Cash is king, or so the saying goes, however, it seems like a royal coup in the form of a cashless society is taking place.
The rise of the cashless society has been on the cards for some time, quite literally. Debit and Credit card payments have experienced a considerable boost precipitated by the pandemic, the need to reduce contamination areas to a minimum and pandemic-driven online shopping.
This pandemic-led trend is clear. In 2020, the use of coins and notes fell by 35% in the UK. Furthermore, many people have radically reduced the rate at which they use cash, 13.7 million people led a cashless life in 2020, almost double the 7.4 million people who did the same in 2019.
This trend was encouraged by businesses big and small who, throughout the pandemic, started to phase out the use of cash in stores. One of the biggest companies to do so was the Swedish retailer Ikea. Though they have since reversed this policy, for many, the dramatic switch in spending behaviour to cashless payment methods has stuck.
The push towards a cashless society has also been catalysed by the growth in people using their digital wallet which includes Google and Apple Pay. Indeed, the use of contactless and mobile payments accounts for over 25% of all payments.
This will likely increase after the Financial Conduct Authority raised the contactless limit from £45 to £100 in October. Whilst the Access to Cash Review rightly highlight the considerable reliance 5 million people have on cash and their need to be included in the future of commercial transactions, it seems that the march to a cashless society may have unstoppable momentum. Since 2010, cash payments have declined by 70%.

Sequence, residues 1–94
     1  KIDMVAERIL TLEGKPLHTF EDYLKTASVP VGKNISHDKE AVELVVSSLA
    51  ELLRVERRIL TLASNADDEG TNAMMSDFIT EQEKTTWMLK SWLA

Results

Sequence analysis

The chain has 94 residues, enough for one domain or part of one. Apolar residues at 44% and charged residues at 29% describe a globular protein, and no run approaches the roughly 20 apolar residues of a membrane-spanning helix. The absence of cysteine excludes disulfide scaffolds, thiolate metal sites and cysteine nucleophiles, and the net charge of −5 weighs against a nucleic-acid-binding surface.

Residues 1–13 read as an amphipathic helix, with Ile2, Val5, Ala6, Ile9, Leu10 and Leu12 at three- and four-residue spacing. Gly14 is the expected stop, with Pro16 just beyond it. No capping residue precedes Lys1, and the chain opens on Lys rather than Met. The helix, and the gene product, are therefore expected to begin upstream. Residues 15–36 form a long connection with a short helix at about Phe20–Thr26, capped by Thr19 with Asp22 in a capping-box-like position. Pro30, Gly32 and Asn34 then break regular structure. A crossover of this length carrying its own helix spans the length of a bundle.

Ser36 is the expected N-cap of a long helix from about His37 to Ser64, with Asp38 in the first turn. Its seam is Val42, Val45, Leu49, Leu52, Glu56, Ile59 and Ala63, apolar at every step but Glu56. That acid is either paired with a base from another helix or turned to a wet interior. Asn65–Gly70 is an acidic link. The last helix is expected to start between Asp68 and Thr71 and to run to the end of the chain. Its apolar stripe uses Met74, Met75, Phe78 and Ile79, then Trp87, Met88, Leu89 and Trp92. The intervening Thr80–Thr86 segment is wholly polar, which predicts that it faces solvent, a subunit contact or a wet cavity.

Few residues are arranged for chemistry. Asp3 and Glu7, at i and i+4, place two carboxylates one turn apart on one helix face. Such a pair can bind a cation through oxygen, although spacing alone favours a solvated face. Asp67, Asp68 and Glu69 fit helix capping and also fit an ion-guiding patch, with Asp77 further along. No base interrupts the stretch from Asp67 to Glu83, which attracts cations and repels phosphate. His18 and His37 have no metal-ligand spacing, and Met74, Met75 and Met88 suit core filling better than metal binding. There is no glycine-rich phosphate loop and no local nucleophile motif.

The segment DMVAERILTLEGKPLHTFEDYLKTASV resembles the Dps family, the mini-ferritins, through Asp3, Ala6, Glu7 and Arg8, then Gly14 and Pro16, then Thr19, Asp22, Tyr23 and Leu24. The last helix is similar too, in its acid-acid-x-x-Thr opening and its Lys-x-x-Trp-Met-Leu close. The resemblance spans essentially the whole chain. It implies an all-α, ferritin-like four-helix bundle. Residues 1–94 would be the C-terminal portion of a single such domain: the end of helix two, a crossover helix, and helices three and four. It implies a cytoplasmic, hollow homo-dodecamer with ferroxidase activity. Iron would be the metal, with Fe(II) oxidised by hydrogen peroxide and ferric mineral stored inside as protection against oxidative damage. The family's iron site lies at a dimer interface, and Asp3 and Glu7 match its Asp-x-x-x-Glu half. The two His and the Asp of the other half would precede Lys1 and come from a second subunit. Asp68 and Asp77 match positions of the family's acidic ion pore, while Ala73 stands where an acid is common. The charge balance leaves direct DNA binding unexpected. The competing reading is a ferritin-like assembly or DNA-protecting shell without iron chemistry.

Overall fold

The predominance of cashless infrastructures such as the increase of contactless limit and the reduction in transaction friction has aligned with a deconstruction of the traditional architectures of a cash-reliant society.
ATMs (Cash Machines) are one example of a formerly vital aspect of society’s financial infrastructure that is beginning to wane. The number of ATMs in the UK peaked in 2015 at 70,588, however, this has fallen steadily each year. In July 2021, that number fell to 52,951 with only 41,000 of these being free to use. The dramatic fall will likely place pressure on cash machine operators who face similar running costs for their ATMs but a shrinking client base.
The effect of this pressure is already apparent. Which? has highlighted that the closure of cash machines is occurring at a rate of around 300 each month.
The fall of cash and the ATM has significant consequences for your business.
The reduction of cash transactions removes several barriers for businesses. For example, retailers can avoid substantial business bank charges. However, businesses also need to educate themselves on how to capitalise on the shift to cashless payments to maximise their share of the profits.
How can BMS help?
With the predominance of cashless payments, it’s vital that you get the best package for your business. At BMS, we can save our customers up to 35% on their terminal packages.
Previously, many businesses got away with not giving too much thought about their payment terminal package because it didn’t account for the majority of their sales, however; this has all changed.
If you want to get ahead of the curve, then get in contact today to speak to one of our industry experts to learn how we can help you Do Business Better!
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